Sewage and Waste Water Treatment Tuesday April 22nd, 2014 Period 5 - 707
http://home.howstuffworks.com/home-improvement/plumbing/sewer.htm/printablehttp://home.howstuffworks.com/home-improvement/plumbing/sewer.htm/printable “So what happens after I flush the toilet?”
Each time you flush the toilet or you wash something down the sink's drain, you create sewage Why Do We Need a Sewer System?
There are three main things about wastewater that make it something you don't want to release into the environment: • It stinks. If you release wastewater directly into the environment, things get very smelly very fast. • It contains harmful bacteria. Human waste naturally contains coliform bacteria (for example, E. coli) and other bacteria that can cause disease. Once water becomes infected with these bacteria, it becomes a health hazard. • It contains suspended solids and chemicals that affect the environment. For example: • Wastewater contains nitrogen and phosphates that, being fertilizers, encourage the growth of algae. Excessive algae growth can block sunlight and foul the water.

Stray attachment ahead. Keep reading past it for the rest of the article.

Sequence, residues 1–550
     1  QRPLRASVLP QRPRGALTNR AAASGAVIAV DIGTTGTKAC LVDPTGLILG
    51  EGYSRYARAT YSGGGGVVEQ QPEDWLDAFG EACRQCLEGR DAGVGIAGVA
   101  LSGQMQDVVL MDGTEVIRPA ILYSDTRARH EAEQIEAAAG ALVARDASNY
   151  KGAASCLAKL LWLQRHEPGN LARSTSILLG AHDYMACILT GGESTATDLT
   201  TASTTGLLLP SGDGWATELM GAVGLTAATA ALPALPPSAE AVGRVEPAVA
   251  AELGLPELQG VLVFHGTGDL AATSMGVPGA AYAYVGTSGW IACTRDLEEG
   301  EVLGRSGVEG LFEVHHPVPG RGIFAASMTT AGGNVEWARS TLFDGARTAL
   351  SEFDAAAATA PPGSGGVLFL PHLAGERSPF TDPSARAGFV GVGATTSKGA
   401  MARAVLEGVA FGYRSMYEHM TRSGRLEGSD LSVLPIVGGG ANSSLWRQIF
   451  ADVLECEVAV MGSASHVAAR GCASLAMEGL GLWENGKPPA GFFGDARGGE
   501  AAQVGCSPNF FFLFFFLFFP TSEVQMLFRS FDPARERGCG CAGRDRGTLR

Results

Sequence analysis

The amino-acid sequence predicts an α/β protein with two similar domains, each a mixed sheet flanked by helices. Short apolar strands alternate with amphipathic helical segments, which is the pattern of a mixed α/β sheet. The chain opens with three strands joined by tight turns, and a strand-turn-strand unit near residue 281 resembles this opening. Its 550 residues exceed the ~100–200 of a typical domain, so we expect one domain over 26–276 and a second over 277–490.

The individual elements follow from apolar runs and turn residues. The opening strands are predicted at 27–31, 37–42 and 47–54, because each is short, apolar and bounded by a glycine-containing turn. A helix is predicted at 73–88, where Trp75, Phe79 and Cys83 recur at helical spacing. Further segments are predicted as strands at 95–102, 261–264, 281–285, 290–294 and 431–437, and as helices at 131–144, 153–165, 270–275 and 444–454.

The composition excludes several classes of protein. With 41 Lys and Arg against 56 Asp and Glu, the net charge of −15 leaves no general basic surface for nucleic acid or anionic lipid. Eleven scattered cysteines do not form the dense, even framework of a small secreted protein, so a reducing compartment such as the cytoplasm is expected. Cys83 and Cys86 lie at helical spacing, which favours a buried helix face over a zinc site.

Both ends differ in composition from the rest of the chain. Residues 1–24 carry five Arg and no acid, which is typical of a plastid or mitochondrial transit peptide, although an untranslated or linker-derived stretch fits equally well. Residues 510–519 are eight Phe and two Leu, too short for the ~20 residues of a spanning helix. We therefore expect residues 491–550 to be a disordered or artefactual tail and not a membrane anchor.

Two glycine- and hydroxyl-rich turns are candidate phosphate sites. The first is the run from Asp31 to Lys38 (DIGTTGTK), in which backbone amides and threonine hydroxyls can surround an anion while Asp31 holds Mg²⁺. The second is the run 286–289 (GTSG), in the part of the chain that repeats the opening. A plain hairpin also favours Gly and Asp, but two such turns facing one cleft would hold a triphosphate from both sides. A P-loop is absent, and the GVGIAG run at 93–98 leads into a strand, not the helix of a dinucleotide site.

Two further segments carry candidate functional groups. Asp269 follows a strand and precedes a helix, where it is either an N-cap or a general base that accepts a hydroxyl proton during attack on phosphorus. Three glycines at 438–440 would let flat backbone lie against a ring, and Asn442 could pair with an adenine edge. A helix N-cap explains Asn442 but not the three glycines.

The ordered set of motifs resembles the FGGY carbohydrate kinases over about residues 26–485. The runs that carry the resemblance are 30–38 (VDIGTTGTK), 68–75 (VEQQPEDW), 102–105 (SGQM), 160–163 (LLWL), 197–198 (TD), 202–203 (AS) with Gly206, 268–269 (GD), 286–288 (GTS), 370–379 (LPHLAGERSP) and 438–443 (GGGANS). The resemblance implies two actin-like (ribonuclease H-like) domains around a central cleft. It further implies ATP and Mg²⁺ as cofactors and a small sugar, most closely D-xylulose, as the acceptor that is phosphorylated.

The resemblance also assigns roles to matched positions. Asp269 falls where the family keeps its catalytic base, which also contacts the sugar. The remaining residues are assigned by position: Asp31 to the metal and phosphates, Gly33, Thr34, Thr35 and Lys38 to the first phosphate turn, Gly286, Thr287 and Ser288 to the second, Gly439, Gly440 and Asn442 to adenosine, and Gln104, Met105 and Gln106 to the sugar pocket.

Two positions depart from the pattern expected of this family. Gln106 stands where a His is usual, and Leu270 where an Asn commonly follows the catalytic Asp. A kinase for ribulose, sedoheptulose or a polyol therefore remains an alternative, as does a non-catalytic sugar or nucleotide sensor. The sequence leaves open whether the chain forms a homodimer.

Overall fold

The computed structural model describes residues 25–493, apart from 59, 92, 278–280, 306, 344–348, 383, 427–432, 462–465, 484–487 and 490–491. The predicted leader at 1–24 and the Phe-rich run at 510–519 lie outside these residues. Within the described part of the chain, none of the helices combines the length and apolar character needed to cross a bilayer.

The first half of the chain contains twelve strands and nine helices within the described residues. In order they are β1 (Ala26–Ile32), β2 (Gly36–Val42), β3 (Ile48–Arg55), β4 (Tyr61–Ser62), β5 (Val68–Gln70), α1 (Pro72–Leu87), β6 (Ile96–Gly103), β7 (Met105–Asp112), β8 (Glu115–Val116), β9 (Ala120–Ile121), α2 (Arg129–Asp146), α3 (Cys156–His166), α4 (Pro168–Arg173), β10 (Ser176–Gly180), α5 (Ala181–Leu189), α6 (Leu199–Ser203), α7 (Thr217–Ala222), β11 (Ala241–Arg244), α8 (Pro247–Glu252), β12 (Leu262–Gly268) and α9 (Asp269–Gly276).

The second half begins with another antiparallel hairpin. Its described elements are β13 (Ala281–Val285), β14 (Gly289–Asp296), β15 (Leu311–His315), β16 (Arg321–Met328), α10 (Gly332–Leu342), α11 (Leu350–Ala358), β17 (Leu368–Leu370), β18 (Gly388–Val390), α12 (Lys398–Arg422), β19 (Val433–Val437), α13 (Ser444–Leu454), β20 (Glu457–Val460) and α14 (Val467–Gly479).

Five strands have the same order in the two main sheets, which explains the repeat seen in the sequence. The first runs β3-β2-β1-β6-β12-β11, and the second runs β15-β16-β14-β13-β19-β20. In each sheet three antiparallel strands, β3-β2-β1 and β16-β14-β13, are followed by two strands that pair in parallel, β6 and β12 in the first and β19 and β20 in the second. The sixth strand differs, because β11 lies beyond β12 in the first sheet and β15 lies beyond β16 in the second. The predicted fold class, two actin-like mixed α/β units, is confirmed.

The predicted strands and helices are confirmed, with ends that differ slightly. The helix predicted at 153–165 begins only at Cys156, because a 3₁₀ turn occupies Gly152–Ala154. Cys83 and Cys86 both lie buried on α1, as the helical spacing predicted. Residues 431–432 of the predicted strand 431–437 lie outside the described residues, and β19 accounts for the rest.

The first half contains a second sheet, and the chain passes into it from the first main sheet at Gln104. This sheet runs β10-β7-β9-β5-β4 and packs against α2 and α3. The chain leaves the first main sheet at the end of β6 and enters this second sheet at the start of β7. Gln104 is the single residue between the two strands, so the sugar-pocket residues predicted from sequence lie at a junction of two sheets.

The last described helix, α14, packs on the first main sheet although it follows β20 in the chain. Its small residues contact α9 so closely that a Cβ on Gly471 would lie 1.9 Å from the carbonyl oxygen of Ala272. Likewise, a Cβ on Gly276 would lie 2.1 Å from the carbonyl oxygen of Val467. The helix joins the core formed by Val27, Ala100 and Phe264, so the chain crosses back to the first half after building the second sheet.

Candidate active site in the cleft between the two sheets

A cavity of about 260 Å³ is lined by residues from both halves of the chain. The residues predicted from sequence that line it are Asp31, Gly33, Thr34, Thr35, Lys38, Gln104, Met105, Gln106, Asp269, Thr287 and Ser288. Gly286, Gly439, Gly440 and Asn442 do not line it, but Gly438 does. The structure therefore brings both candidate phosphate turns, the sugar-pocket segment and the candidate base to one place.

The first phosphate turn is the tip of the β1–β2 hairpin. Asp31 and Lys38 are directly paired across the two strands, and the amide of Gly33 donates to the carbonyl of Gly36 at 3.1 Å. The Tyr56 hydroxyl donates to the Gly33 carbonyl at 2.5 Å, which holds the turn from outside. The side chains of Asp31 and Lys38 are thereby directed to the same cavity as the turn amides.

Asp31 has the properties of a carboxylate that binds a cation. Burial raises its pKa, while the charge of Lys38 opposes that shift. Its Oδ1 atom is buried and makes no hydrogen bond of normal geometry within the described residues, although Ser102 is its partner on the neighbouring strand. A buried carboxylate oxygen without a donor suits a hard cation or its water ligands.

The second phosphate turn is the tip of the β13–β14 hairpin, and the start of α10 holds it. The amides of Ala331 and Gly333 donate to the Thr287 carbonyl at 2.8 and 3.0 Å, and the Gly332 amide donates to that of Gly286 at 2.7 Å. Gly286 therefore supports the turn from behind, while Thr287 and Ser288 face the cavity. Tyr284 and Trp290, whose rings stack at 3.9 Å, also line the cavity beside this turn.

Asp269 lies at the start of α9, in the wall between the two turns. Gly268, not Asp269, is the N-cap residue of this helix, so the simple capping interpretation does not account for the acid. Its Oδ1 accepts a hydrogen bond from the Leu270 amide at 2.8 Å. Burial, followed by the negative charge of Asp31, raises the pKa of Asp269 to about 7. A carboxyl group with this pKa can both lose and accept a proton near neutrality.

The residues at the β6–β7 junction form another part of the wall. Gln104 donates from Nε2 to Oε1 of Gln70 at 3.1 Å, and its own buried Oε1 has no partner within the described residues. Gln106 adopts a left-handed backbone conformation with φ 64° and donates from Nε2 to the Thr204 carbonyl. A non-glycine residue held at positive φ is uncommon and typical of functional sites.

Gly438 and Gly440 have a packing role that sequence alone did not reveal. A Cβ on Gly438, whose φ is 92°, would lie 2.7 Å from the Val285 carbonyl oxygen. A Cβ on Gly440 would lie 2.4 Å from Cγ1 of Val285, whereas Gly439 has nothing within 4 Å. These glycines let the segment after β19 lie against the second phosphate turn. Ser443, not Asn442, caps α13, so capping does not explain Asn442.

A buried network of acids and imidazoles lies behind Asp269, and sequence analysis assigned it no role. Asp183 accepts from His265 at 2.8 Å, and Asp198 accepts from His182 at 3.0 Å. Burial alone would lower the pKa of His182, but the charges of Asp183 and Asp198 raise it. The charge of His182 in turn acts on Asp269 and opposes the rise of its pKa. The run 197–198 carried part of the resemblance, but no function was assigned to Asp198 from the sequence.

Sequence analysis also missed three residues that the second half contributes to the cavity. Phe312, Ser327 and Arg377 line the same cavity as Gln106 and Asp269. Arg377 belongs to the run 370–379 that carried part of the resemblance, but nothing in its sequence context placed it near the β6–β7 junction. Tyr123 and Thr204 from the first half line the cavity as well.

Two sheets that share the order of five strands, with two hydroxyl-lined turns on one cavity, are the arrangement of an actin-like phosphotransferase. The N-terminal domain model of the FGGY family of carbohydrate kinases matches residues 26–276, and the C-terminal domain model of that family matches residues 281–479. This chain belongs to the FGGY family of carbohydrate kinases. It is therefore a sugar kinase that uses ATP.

A septic tank is simply a big concrete or steel tank that is buried in the yard. The tank might hold 1,000 gallons (4,000 liters) of water. Wastewater flows into the tank at one end and leaves the tank at the other. The tank looks something like this in cross-section:
Anything that floats rises to the top and forms a layer known as the scum layer. • Anything heavier than water sinks to form the sludge layer. • In the middle is a fairly clear water layer. This body of water contains bacteria and chemicals like nitrogen and phosphorous that act as fertilizers, but it is largely free of solids. Three Layers
Wastewater comes into the septic tank from the sewer pipes in the house, as shown here: Septic Tank
https://www.youtube.com/watch?v=tuYB8nMFxQA The Water Treatment Process